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Profits and diversity: five charts demonstrating the link

Axa Investment Management argues diversity creates higher profits.

Businesses often express moral support for greater inclusion but there may also be an argument on self-interest grounds.

Axa Investment Management says the data suggests a direct causal link between diversity and increased profits.

AXA director of earnings forecast models Srilatha Singh and head of sustainable investing Kathryn Macdonald said: ‘Putting aside the question of morality, we find evidence that diversity is “economically correct” in that it is associated with positive economic outcomes for companies.

‘For those of us committed to diversity in the workplace, these results support the idea that diversity is not just a “nice to have”; we believe it is instead a “must have” in the face of intense market competition.’

 

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Businesses often express moral support for greater inclusion but there may also be an argument on self-interest grounds.

Axa Investment Management says the data suggests a direct causal link between diversity and increased profits.

AXA director of earnings forecast models Srilatha Singh and head of sustainable investing Kathryn Macdonald said: ‘Putting aside the question of morality, we find evidence that diversity is “economically correct” in that it is associated with positive economic outcomes for companies.

‘For those of us committed to diversity in the workplace, these results support the idea that diversity is not just a “nice to have”; we believe it is instead a “must have” in the face of intense market competition.’

 

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Profitability of higher/lower diversity companies

January 2005 – July 2017

On average, based on the historical data, diverse companies are simply more profitable than their less diverse peers.

Importantly, the variability of the profitability is less for
more diverse companies.

The profitability advantage of more diverse firms is consistent over time, becoming especially pronounced during the period 2009 – 2011 when the US market’s aggregate profitability dramatically dipped.

 

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Forward one year profitability of high/low diversity companies

January 2005 – July 2017

While companies with diverse boards have a distinctive profitability advantage at any point in time, we wondered if the more diverse companies of today go on to enjoy a profitability advantage in the future.

We tested this by looking at the relationship between a company’s diversity level at a point in time (‘today’) and profitability the subsequent year (‘tomorrow’) for our groups of more and less diverse companies. 

We observe that companies that are more diverse ‘today’ go on to have higher profitability "tomorrow", compared to their less diverse peers and the market generally.

The future profitability is less variable for the higher diversity group compared to less diverse companies, but not lower than the market as a whole.

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Mean reversion pressures on profitability

January 2005 – July 2017

To answer the question of "moat" directly, we look at the impact of diversity on future profitability for the most profitable stocks at a point in time.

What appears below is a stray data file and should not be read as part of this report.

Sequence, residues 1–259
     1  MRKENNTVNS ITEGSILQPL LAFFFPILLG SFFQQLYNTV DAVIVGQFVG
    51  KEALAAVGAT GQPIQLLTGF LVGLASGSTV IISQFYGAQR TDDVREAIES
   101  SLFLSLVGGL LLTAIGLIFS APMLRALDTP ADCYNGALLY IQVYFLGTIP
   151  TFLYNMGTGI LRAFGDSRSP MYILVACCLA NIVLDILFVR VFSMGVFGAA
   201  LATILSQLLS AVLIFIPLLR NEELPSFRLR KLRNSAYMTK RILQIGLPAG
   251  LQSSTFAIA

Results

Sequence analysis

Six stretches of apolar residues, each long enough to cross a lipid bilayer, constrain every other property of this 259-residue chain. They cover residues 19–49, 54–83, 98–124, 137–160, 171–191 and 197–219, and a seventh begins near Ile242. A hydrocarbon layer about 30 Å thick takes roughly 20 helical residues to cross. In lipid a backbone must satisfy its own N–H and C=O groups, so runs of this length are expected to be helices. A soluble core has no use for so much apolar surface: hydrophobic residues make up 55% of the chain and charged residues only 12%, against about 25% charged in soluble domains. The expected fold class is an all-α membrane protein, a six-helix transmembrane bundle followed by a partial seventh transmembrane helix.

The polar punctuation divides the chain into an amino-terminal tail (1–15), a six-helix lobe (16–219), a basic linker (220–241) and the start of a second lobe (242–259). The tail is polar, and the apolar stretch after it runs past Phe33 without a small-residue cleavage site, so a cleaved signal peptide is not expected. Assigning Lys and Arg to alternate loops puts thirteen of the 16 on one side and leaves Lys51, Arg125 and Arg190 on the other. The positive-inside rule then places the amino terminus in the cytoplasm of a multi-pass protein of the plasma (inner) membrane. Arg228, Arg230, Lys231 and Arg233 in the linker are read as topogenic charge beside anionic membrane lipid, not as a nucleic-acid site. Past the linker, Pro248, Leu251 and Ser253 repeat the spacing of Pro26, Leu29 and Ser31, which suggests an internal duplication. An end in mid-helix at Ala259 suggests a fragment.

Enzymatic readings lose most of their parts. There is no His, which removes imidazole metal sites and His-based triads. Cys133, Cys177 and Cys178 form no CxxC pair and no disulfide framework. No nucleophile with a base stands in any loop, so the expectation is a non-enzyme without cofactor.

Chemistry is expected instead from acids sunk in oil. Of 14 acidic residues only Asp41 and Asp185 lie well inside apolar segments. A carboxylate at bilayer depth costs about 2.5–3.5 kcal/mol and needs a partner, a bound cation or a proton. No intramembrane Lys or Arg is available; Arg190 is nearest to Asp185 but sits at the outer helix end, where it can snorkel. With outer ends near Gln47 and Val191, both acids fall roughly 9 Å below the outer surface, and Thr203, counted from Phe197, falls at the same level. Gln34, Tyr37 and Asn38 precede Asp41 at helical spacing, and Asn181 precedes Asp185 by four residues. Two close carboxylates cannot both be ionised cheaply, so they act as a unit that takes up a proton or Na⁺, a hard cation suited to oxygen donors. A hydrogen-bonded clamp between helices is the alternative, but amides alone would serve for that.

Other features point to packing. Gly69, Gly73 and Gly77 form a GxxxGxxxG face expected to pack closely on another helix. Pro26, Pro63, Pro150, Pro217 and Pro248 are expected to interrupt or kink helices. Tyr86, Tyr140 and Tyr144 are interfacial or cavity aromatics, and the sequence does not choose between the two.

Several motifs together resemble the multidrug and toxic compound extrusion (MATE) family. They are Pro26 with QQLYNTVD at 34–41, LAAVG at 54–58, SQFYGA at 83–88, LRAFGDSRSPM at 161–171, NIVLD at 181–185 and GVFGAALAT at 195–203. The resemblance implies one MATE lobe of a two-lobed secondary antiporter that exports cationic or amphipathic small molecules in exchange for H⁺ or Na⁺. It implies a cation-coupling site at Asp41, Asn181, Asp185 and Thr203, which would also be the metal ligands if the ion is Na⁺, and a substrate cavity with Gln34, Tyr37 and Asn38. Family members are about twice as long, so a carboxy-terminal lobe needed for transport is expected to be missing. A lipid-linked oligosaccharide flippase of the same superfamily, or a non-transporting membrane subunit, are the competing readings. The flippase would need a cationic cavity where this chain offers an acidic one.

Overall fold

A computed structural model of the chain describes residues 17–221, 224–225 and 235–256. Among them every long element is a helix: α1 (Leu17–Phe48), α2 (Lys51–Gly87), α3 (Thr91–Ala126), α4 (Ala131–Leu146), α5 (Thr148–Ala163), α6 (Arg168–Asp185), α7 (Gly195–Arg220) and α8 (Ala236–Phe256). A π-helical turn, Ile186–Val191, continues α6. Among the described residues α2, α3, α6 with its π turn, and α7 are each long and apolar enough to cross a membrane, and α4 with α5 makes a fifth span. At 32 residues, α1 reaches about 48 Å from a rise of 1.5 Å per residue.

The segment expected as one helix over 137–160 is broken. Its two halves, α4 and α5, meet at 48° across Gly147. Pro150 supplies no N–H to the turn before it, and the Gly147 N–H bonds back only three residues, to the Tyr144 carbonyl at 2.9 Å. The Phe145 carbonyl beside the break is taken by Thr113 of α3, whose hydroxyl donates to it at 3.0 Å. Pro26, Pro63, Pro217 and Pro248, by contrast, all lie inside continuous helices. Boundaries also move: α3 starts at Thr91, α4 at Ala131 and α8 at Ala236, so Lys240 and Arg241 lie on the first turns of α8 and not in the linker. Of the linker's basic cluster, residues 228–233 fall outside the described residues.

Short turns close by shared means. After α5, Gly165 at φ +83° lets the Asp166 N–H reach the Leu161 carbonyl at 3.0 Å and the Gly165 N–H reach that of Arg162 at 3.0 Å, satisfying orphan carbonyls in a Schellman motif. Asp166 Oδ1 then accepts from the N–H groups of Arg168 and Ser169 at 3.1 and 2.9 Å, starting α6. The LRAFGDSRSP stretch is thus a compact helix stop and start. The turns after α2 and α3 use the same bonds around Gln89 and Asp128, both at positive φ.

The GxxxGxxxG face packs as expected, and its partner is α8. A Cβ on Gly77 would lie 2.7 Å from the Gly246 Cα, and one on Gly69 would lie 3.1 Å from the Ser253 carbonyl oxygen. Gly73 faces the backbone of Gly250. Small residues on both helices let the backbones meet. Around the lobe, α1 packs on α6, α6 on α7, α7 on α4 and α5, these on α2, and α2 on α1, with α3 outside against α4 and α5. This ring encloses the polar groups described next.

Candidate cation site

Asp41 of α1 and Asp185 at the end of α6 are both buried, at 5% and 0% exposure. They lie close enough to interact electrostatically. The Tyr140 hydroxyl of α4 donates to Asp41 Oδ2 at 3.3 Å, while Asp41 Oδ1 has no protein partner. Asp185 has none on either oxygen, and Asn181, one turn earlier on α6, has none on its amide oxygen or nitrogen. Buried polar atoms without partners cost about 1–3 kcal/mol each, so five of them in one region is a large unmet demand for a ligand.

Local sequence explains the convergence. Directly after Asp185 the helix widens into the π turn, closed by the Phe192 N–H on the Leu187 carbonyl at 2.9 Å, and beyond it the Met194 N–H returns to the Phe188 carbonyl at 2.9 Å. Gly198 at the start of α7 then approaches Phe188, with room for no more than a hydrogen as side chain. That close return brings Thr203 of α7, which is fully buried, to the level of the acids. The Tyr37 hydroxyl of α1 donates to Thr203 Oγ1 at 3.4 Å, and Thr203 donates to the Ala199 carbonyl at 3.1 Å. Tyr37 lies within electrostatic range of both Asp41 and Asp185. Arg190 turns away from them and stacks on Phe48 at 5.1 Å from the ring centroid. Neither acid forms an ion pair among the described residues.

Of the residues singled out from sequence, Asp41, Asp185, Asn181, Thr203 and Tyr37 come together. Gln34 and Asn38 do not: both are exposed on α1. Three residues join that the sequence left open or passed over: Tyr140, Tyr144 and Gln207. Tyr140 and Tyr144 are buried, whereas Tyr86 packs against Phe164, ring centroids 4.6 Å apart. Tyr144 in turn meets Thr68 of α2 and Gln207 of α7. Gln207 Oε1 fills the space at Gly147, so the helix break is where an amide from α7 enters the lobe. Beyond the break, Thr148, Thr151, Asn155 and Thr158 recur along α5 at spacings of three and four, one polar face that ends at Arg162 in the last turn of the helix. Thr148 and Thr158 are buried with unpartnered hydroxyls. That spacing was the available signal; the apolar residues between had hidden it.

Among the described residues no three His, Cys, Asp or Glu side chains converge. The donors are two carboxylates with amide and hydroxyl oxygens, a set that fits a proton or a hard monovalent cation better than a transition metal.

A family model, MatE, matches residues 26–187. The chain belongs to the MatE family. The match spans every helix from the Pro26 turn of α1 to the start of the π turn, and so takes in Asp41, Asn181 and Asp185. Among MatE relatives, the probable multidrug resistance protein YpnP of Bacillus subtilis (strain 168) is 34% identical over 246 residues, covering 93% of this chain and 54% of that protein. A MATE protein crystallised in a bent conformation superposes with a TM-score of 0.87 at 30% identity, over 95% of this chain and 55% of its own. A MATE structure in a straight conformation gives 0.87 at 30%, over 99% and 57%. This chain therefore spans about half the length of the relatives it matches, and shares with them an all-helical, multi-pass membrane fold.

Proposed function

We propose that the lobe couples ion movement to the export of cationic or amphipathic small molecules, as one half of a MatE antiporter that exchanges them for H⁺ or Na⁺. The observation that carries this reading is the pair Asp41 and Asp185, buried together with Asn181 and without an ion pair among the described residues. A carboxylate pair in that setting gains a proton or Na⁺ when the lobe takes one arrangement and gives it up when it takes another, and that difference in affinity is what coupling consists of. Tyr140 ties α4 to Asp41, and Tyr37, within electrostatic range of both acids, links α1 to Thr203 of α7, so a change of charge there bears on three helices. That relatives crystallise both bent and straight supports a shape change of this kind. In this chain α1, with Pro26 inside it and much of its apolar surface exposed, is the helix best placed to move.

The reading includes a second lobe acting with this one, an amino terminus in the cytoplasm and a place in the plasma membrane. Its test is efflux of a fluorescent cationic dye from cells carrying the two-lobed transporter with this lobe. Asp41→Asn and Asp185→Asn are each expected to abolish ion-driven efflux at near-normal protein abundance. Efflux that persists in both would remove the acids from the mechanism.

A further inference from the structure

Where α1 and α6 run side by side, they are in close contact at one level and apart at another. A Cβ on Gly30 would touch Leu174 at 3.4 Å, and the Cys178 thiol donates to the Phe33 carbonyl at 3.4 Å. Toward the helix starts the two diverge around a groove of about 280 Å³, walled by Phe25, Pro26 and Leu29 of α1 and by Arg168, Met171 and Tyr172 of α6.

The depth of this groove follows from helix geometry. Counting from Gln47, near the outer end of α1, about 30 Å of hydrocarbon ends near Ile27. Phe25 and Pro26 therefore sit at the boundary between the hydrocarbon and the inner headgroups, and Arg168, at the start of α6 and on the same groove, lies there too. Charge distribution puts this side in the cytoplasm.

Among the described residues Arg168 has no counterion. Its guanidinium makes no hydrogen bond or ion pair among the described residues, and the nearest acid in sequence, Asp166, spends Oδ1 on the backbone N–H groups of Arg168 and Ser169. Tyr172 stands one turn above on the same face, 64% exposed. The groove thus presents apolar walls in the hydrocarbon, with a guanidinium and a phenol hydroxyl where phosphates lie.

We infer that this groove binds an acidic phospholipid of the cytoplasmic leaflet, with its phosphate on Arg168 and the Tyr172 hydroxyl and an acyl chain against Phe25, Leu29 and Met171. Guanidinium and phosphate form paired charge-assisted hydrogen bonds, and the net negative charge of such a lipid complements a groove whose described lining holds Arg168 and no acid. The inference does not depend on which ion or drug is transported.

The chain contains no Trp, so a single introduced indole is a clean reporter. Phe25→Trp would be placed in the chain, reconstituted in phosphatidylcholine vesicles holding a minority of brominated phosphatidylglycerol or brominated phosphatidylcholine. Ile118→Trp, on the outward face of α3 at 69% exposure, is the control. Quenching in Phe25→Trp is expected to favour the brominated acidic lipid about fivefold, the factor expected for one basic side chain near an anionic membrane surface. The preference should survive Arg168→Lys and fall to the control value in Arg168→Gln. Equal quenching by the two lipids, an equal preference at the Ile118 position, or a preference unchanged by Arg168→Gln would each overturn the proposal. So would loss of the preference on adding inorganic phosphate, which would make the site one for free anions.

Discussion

We start by showing current and one-year-forward return on equity [ROE] for the market as a whole and then by ROEX [return on equity net extraordinary items] quartiles.

The final set of bars illustrates the downward, mean-reversion pressure on the most profitable group of companies, the top ROEX quartile.

It is very difficult for companies in this category to maintain their ‘top’ position in the face of competitive pressures like competitors offering similar products, other companies hiring away their best people, and pricing competition.

This known drop in future profitability among the companies in the top ROEX quartile is the reason we are interested in company features that might act as a ‘moat’ to protect against mean reversion.

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Top ROEX quartile partitioned by diversity

January 2005 – July 2017

We find evidence that diversity on the board can create such a ‘moat’.

We partitioned the top ROEX quartile into higher and lower diversity groups.

Within this most profitable part of the market, the higher diversity stocks appeared significantly more resilient in the face of competitive pressures.

While their forward profitability is still lower, the more diverse companies simply lost less than their peers during the timeframe shown.

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Top quartile ROEX average 3-year forward sales volatility by diversity segment

January 2005 – July 2017

We believe that more diverse firms most likely have advantages
when it comes to discouraging new entrants, discouraging brand/
product substitution, and innovation.

[A] way we might observe the impact of better innovation,
better brand loyalty, or lack of perceived substitutes is to look at the
volatility of firm-wide sales for high and lower diversity firms, within the highest profitability quartile.

Our hypothesis is that more diverse firms would experience lower volatility of sales.

What we see is that within the most profitable end of the equity spectrum, it is indeed the case that more diverse firms saw greater sales stability.

 

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